Theater the wright way


Sandra Koretz

The cast members of “The Insitute’s Prisoner,” written by Carina Villanova ’22, gather for Playwrights Festival rehearsal in the Drama Lab.

Jina Jeon

The school will hold its annual Playwrights Festival in Rugby Theater on May 26 and 27. The event will feature 14 student-written plays across two nights, with seven plays per night. The Playwrights Festival is an opportunity for student screenwriters to showcase the projects they have worked on throughout the school year. Series A will premiere on May 26 at 7:30 P.M. and Series B will premiere on May 27 at 7:30 P.M. The Fan Family Award for the best script will also be presented on the first night.

Writer and director Grace Belgrader ’23 said although her workload was intensive and challenging at times, she found a lot of inspiration in collaborating with other students.

“I wrote a play called ‘Say Yes,’ and I’m directing a play [by Oliver Green ‘22 ] called ‘The End,’” said Belgrader. “As a writer, I spoke numerous times to [Performing Arts Technical Director Aaron Martin] and [Performing Arts Teacher Rees Pugh] to discuss my characters and the story arc. As a director, I try to tell my actors to be absurd and take risks, and we just see how that goes.”

Student actress Emily Malkan ’23, who will perform in “A Therapist Named Aurelis” by Sophia Evans ’23, said the student-run aspect of the Playright Festival stands out to her the most. She said students strengthen their teamwork skills by combining their individual talents for a singular project.

“My friend is acting in a musical that is written by another one of my friends, which is directed by another one of my friends,” said Malkan. “Even our manager, [Sophia Rascoff ’23], is a student who deals with scheduling and other things typically done by teachers. It’s cool to see everyone’s skills come together for the show.”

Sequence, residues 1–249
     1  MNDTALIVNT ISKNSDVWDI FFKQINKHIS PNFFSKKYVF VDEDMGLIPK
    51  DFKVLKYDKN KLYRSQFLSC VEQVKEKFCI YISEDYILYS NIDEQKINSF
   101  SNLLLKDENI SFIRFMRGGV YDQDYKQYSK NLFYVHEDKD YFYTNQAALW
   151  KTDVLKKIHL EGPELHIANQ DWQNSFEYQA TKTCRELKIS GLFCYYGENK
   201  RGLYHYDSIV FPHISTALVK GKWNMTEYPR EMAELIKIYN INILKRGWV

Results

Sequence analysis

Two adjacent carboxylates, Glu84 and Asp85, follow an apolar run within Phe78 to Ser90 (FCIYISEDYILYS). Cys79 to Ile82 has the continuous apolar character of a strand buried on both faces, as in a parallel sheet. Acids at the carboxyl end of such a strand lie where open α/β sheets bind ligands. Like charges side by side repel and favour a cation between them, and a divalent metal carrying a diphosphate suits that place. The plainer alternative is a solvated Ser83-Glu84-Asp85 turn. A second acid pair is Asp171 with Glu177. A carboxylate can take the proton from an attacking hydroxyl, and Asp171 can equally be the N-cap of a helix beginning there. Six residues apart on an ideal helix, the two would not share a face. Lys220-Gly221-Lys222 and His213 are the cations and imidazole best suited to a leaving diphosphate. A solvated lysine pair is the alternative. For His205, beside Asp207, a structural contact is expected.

Production staff Walker McGinley ’22 said the Playwrights Festival challenges students by putting them in positions they may not normally have much experience in.

“ [The Playwrights’ Festival] aims to get people into different roles they wouldn’t be able to do during a regular production,” said McGinley. “I’ve learned a lot about sound design throughout my years at the school. I’ve mostly focused on lighting, but [Martin] put me up to getting outside my comfort zone.”

Malkan said she attributes a great deal of credit for the Playwrights Festival to the writers and directors. She said a large purpose of the event is to highlight the work done by those behind the scenes.

“It is called the Playwrights Festival, after all, and not a ‘Play Festival,’” said Malkan. “I really do think [the event is] mainly for the playwrights, which is awesome, because actors often get the most attention, but the [Playwrights Festival] shines a light on the writers.”